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“If you can’t explain it simply, you don’t understand it well enough.”
Abbreviations come in several sizes:
Refers only to abbreviations that sound like—and are read like—actual words: North Atlantic Treaty Organization or NATO (pronounced NAY-toe). Some acronyms spell out real words: Acquired Immune Deficiency Syndrome or AIDS. And some acronyms become “real” words: laser began as the acronym LASER (light amplification by stimulated emission of radiation).
Refers to a series of letters that you say individually: ATM (automated teller machine), BBC (British Broadcasting Company), FBI (Federal Bureau of Investigation).
Refers to abbreviations that include the first and last letters of the full word: Ms. (miz), Mr. (mister), amt. (amount), Gov. (governor).
1) To join two independent clauses: Some travelers like to plan their own trips; others like to use a tour company.
2) To link clauses connected by conjunctive adverbs or transitional phrases: Travelers who use a tour company prefer to have everything planned for them in advance; however, they pay a premium price for that luxury.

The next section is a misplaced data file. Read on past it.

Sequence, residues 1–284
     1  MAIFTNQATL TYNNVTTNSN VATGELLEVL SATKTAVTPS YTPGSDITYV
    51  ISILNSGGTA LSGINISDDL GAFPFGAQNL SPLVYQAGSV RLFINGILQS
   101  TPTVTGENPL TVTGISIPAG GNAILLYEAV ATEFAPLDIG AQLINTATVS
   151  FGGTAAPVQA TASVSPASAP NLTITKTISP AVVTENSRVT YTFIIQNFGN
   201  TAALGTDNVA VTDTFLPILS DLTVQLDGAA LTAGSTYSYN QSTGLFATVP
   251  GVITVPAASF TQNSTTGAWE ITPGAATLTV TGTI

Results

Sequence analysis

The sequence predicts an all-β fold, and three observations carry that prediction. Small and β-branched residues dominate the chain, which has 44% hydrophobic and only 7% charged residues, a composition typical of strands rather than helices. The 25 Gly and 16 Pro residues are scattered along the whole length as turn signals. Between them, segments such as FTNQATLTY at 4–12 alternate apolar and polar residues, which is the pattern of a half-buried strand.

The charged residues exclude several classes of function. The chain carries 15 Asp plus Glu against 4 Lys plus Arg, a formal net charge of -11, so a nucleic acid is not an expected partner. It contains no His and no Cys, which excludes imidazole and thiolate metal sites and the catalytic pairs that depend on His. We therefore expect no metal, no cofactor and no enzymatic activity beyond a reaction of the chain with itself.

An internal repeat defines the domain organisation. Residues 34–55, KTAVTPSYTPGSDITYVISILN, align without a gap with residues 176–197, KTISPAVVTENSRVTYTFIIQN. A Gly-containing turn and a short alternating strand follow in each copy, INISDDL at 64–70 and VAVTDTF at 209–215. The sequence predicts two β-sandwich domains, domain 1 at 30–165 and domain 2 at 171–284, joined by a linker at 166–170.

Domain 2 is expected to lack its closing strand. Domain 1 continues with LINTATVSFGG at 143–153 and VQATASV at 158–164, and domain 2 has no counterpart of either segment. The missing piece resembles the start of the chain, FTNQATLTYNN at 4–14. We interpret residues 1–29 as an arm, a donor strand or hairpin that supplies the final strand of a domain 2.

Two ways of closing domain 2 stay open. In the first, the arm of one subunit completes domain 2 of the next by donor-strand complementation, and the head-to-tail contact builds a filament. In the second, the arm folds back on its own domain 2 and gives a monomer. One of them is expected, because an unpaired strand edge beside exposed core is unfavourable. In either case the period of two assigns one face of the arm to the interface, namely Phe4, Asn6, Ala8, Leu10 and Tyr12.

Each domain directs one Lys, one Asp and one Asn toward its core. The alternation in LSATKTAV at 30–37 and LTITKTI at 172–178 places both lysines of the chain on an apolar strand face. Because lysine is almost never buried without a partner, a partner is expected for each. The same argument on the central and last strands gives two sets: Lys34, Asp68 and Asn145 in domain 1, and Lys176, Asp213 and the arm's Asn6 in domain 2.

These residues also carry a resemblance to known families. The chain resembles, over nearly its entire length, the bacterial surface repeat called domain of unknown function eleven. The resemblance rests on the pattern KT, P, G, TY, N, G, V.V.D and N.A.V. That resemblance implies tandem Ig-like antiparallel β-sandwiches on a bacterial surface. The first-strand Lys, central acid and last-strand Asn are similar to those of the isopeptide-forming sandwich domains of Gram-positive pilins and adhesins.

3) To separate items in a list that includes commas: He packed a toilet kit that included a toothbrush, comb, and toothpaste; a computer bag that held his laptop, cables, and mouse; and a daypack that contained his water bottle, energy bars, and maps.
If you think today’s emphasis on clear and concise writing is a rather recent, historically speaking, concern of good writers everywhere, think again.
Here is some sage advice from the Earl of Chesterfield in December 1751 to his illegitimate son, Phillip, after “setting the boy up in the world”:
“The first thing necessary in writing letters of business, is extreme clearness and perspicuity;
every paragraph should be so clear and unambiguous, that the dullest fellow in the world may
not be able to mistake it, nor obliged to read it twice in order to understand it. This necessary
clearness implies a correctness, without excluding an elegance of style. Tropes, figures,
antitheses, epigrams, etc., would be as misplaced and as impertinent in letters of business, as
they are sometimes (if judiciously used) proper and pleasing in familiar letters, upon common
and trite subjects. In business, an elegant simplicity, the result of care, not of labor, is required.”
(excerpt from The Atlantic, “How to Write a Business Letter: Advice From the 18th Century,” Shannon Chamberlain)
“It takes a lot of hard work to make something simple.” Steve Jobs
“If you can’t explain it simply, you don’t understand it well enough.” Albert Einstein
“You have to deeply understand the essence of a product in order to be able to get rid of the parts that are not essential.” Jonathan Ivie, Senior Vice President of Design for Apple [replace a product with an idea and parts with words and the quote now applies to writing.